Este artículo explora la relación entre la experiencia viajera femenina y el género epistolar mediante una lectura de Cartas a Ricardo, de Rosario Castellanos como relato de viajes. El objetivo es analizar la naturaleza híbrida de la carta como género que permite ensayar ideas y confesar o revelar afectos durante procesos particulares de construcción de subjetividades femeninas. A diferencia de las crónicas de viajes tradicionales, se argumenta que los relatos de viaje transmitidos a través del género epistolar femenino dan cuenta del desplazamiento físico y emocional, pero también del trabajo intelectual y creativo de las mujeres en circunstancias de (auto)censura o represión. Se concluye que para Castellanos tanto el viaje como la escritura son actos conscientes de libertad intelectual y de género.View less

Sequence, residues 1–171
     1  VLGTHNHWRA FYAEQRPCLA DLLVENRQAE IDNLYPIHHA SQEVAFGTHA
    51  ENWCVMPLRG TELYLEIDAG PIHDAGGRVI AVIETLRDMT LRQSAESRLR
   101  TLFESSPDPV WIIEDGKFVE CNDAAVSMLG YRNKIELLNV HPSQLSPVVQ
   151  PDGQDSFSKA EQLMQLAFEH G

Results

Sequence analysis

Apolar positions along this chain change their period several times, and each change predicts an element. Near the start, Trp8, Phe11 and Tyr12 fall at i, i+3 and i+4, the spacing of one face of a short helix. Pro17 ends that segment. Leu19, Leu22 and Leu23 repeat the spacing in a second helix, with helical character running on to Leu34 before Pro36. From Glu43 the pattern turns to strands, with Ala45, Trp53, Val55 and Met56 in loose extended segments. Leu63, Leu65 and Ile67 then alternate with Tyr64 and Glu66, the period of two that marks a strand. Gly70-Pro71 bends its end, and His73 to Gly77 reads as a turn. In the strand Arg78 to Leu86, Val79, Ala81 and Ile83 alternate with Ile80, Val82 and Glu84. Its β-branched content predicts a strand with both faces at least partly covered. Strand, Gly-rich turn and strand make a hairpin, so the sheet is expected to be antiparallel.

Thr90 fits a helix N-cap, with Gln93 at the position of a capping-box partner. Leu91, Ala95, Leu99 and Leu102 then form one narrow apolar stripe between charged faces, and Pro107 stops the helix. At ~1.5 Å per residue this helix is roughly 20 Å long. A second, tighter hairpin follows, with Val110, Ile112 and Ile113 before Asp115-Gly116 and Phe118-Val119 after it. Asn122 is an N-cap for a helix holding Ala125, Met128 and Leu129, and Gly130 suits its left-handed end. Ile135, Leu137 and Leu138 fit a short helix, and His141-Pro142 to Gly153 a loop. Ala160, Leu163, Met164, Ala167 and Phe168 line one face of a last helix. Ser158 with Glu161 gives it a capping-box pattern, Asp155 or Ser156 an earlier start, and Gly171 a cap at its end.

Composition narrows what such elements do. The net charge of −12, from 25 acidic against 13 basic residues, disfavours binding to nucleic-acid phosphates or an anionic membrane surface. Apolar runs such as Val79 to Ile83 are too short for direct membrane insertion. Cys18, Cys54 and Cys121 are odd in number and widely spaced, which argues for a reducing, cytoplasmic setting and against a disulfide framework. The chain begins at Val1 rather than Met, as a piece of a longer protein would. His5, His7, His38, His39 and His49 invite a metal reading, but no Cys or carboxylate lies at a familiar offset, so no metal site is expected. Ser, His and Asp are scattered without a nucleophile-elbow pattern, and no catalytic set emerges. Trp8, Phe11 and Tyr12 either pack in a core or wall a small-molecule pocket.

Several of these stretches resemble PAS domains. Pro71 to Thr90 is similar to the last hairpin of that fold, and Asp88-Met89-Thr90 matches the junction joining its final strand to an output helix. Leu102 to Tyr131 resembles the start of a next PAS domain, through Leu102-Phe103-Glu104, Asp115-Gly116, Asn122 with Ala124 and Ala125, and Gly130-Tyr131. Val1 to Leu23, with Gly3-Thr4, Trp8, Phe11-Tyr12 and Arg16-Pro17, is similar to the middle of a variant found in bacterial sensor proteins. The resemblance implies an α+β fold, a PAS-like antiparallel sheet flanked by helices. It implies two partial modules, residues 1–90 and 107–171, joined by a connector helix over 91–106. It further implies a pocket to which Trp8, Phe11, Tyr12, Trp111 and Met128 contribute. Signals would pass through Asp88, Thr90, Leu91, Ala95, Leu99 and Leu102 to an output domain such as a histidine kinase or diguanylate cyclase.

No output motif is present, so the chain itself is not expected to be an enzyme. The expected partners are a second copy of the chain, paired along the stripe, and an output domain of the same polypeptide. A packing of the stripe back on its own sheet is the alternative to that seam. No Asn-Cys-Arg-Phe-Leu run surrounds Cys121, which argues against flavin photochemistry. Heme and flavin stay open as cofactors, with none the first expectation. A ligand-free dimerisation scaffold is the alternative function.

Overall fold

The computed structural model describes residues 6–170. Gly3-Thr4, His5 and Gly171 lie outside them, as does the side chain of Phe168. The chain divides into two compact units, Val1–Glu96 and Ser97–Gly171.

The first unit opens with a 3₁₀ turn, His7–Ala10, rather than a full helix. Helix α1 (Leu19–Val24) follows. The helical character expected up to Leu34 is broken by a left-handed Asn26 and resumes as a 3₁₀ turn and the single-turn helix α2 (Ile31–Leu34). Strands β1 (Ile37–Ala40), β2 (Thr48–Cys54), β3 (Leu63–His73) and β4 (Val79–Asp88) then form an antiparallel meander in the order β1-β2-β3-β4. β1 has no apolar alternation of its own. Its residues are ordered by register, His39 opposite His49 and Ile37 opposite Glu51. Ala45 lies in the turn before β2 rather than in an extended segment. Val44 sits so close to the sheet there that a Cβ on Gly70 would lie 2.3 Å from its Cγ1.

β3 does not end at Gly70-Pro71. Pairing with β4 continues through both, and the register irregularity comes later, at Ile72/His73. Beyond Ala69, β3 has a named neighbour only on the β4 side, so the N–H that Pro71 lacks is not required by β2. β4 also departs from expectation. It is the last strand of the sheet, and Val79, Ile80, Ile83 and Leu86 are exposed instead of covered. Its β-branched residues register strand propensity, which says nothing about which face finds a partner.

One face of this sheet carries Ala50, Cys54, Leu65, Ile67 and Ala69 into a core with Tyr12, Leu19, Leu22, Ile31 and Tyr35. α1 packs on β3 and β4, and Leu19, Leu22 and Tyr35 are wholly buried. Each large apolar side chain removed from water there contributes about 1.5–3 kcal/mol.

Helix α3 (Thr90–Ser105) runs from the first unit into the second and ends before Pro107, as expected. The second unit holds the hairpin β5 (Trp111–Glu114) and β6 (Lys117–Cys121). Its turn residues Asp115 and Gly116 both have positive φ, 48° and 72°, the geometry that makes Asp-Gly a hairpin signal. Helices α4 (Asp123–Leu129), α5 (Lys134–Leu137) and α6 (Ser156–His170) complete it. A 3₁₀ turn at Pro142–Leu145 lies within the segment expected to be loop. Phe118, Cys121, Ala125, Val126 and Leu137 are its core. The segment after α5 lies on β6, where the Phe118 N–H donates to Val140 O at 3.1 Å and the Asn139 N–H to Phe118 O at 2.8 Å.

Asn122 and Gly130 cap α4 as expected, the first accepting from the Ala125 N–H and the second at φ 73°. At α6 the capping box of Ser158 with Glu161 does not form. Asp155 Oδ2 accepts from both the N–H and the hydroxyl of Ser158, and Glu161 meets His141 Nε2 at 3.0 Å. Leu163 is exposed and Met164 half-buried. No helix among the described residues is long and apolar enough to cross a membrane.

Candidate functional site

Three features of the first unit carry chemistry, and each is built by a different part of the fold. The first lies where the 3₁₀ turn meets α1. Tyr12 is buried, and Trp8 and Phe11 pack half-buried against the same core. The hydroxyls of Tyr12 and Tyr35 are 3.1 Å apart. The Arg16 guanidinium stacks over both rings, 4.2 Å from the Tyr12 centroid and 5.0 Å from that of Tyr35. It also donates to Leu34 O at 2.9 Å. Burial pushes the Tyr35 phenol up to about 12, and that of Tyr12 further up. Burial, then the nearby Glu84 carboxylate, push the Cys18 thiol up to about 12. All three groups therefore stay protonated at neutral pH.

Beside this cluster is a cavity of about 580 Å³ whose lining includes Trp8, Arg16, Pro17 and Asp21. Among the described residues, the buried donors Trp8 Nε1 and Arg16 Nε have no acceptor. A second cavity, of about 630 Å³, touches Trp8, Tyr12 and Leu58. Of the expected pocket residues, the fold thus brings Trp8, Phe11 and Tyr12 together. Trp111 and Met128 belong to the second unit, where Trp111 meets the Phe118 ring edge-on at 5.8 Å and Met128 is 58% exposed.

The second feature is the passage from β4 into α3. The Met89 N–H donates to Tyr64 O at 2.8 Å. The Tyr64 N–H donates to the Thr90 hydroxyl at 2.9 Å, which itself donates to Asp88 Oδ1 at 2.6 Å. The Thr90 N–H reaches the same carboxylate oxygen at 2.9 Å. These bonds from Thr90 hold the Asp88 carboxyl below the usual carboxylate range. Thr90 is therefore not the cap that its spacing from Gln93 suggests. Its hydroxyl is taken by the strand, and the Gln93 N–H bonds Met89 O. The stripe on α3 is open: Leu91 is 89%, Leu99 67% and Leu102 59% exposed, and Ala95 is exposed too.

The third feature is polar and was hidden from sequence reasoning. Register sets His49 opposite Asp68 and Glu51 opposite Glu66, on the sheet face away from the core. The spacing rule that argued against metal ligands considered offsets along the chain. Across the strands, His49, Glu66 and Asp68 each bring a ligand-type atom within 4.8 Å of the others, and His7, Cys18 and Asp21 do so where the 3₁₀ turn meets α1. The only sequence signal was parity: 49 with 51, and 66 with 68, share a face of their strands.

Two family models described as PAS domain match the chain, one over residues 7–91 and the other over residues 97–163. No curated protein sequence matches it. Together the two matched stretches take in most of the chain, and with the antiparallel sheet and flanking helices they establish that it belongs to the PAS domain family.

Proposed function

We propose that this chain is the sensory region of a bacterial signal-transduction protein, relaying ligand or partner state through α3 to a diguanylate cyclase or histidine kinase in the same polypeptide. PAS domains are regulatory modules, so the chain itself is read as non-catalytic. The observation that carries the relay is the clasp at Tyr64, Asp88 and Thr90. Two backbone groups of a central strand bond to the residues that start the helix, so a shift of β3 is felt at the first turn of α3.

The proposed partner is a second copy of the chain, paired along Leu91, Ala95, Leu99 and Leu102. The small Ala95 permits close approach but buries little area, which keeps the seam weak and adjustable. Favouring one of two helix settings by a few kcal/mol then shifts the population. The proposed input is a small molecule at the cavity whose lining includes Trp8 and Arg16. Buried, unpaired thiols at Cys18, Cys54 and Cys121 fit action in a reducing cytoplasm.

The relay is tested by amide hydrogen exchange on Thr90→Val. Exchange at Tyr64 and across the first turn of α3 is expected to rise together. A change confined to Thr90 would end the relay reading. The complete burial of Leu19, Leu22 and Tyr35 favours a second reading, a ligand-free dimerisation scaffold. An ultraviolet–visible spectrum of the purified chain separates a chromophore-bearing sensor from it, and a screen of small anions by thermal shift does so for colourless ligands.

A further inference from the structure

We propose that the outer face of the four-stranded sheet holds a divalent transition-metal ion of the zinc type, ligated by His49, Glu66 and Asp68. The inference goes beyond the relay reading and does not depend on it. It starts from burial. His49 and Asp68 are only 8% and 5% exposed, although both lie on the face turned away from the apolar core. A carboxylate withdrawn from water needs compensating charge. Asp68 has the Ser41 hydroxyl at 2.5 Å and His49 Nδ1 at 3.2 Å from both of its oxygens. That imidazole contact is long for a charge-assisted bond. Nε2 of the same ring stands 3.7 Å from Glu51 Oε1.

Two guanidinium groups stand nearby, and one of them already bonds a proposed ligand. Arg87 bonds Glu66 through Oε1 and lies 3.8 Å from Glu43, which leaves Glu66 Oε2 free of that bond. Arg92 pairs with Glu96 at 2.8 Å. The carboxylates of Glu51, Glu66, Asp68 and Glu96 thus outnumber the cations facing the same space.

Understanding fine-grain diversity patterns across large spatial extents is fundamental for macroecological research and biodiversity conservation. Using the GrassPlot database, we provide benchmarks of fine-grain richness values of Palaearctic open habitats for vascular plants, bryophytes, lichens and complete vegetation (i.e., the sum of the former three groups).
Palaearctic biogeographic realm.
We used 126,524 plots of eight standard grain sizes from the GrassPlot database: 0.0001, 0.001, 0.01, 0.1, 1, 10, 100 and 1,000 m2 and calculated the mean richness and standard deviations, as well as maximum, minimum, median, and first and third quartiles for each combination of grain size, taxonomic group, biome, region, vegetation type and phytosociological class.